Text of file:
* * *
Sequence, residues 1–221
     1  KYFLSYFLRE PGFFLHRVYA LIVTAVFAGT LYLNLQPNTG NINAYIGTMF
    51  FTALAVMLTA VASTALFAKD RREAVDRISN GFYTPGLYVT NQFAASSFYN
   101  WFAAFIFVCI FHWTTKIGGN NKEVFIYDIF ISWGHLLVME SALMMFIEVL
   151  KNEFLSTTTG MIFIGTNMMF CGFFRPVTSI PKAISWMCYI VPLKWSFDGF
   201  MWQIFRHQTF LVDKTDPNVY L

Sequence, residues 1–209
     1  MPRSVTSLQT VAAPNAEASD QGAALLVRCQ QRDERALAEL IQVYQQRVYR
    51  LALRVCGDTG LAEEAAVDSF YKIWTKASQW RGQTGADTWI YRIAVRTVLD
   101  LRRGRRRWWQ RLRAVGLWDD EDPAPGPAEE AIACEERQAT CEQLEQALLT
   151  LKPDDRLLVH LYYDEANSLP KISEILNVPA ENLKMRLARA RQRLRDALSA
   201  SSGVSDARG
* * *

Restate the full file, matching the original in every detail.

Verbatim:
Sequence, residues 1–221
     1  KYFLSYFLRE PGFFLHRVYA LIVTAVFAGT LYLNLQPNTG NINAYIGTMF
    51  FTALAVMLTA VASTALFAKD RREAVDRISN GFYTPGLYVT NQFAASSFYN
   101  WFAAFIFVCI FHWTTKIGGN NKEVFIYDIF ISWGHLLVME SALMMFIEVL
   151  KNEFLSTTTG MIFIGTNMMF CGFFRPVTSI PKAISWMCYI VPLKWSFDGF
   201  MWQIFRHQTF LVDKTDPNVY L

Sequence, residues 1–209
     1  MPRSVTSLQT VAAPNAEASD QGAALLVRCQ QRDERALAEL IQVYQQRVYR
    51  LALRVCGDTG LAEEAAVDSF YKIWTKASQW RGQTGADTWI YRIAVRTVLD
   101  LRRGRRRWWQ RLRAVGLWDD EDPAPGPAEE AIACEERQAT CEQLEQALLT
   151  LKPDDRLLVH LYYDEANSLP KISEILNVPA ENLKMRLARA RQRLRDALSA
   201  SSGVSDARG